Marlins, Anthony Bass agree to two-year deal
Anthony Bass Dan Hamilton-USA TODAY Sports

The Marlins have reached an agreement with free-agent right-hander Anthony Bass, reports SportsGrid’s Craig Mish (via Twitter). Bass is represented by the Beverly Hills Sports Council.

It’s a two-year deal for Bass, MLB.com’s Jon Morosi tweets. The contract also contains a club option for the 2023 season.

Miami has been known to be in the market for affordable bullpen upgrades for some time now, and the 33-year-old Bass fits the bill. The righty had an unspectacular five-year run with the Padres, Astros and Rangers from 2011-15 before heading to Japan for two seasons, where he took his game to new heights.

The Marlins will be the fourth team in four seasons for Bass, but over the past three years he’s emerged as a solid late-inning arm. In that time, he’s pitched to a combined 3.44 ERA with a 3.89 SIERA, a slightly below-league-average strikeout rate (22.2 percent) and a slightly better-than-average walk rate (8.2 percent). He tallied five saves and six holds with the Mariners in 2019 before saving seven games and notching three holds in Toronto last year. He hasn’t had a full season as a set-in-stone closer or go-to setup man, but he could be afforded just that type of opportunity with the Marlins in 2021.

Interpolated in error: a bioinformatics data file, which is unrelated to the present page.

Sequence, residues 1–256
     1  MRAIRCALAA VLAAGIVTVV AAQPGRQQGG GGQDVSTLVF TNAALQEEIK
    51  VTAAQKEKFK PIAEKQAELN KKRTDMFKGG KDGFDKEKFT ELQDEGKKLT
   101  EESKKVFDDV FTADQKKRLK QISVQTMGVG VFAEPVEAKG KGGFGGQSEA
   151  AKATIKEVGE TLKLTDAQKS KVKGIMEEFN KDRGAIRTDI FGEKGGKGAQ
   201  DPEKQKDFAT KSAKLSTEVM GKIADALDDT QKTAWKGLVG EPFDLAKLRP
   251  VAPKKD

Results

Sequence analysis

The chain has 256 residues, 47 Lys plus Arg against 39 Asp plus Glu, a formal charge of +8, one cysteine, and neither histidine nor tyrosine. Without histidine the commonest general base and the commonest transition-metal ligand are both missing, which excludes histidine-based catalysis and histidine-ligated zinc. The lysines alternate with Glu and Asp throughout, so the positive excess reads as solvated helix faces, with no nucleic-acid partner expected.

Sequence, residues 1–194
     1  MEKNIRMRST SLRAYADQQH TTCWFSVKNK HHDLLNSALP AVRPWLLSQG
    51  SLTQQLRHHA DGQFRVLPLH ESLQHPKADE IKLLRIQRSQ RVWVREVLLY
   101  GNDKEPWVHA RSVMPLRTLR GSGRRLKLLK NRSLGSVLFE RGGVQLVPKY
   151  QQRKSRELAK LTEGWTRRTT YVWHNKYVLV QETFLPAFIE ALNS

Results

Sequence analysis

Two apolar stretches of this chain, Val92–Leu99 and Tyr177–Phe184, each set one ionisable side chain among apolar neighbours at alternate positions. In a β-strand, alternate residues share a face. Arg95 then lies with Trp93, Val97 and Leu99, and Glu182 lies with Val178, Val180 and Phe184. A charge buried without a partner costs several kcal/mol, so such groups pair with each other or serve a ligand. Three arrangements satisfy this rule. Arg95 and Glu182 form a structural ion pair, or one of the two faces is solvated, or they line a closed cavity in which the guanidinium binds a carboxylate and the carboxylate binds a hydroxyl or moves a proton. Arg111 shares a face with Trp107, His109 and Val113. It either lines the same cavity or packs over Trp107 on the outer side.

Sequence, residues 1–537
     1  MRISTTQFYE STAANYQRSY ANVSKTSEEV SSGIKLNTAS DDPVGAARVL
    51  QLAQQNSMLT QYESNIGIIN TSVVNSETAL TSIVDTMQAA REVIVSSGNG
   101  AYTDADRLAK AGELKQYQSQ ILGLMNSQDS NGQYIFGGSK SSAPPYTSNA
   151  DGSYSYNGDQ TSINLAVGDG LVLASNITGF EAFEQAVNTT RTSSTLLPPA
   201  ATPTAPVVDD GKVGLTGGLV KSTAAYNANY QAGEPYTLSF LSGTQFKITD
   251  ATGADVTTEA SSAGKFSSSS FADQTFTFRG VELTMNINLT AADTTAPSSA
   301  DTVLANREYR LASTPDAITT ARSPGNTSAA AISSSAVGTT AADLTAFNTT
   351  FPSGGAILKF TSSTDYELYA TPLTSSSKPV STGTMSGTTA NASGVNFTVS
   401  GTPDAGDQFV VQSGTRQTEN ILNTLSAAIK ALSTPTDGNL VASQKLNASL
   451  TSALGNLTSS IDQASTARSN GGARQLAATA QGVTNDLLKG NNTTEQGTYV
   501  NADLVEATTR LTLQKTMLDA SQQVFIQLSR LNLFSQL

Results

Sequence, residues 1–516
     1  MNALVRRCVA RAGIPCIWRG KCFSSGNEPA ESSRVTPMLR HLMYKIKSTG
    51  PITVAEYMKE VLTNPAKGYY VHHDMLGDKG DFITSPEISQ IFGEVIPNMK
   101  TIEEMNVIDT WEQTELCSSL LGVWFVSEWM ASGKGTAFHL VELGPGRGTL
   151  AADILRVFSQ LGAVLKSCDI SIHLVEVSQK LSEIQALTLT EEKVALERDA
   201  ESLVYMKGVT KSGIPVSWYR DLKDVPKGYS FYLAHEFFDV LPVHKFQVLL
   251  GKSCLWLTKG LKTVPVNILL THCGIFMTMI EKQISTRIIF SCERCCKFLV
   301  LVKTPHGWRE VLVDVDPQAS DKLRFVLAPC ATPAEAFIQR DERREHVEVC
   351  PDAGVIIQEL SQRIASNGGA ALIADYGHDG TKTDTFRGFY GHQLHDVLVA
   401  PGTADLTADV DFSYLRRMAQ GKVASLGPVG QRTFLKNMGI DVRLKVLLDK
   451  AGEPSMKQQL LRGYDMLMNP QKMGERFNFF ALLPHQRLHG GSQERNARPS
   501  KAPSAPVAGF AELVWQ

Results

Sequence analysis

Like the Marlins’ 2020 closer, Brandon Kintzler, Bass is a ground-ball specialist whose primary offering is a power sinker in the 95 mph range. He induced grounders at a career-best 62.3 percent in 2020 — a mark that ranked fourth-highest among the 323 pitchers to throw at least 20 big league innings.

Bass also matched a career-high with an 11.5 percent swinging-strike rate, and he graded out quite well in most key Statcast metrics; the right-hander ranked in the 95th percentile or better in terms of opponents’ barrel rate, expected batting average against, expected slugging percentage, expected ERA and expected wOBA. His sinker sat in just the eighth percentile in terms of spin rate, which is actually a good trait for sinkers, where low spin is preferable (as opposed to high spin on a four-seamer).

The Marlins’ bullpen, as it stands, is a relatively inexperienced group, though Bass and fellow offseason signing Ross Detwiler add a pair of veteran arms to the mix. They, along with right-hander Yimi Garcia and lefty Richard Bleier, are the only Miami relievers with at least 150 big league innings under their belts.

Roles in the Miami ’pen will surely be defined this spring, but given the multi-year deal promised to Bass, he should join Garcia as one of the favorites to hold down ninth-inning duties. Further additions could yet lend some clarity to the ninth-inning picture in Miami, and Mish tweets that he expects Miami to continue adding to the ’pen.

This article first appeared on MLB Trade Rumors and was syndicated with permission.

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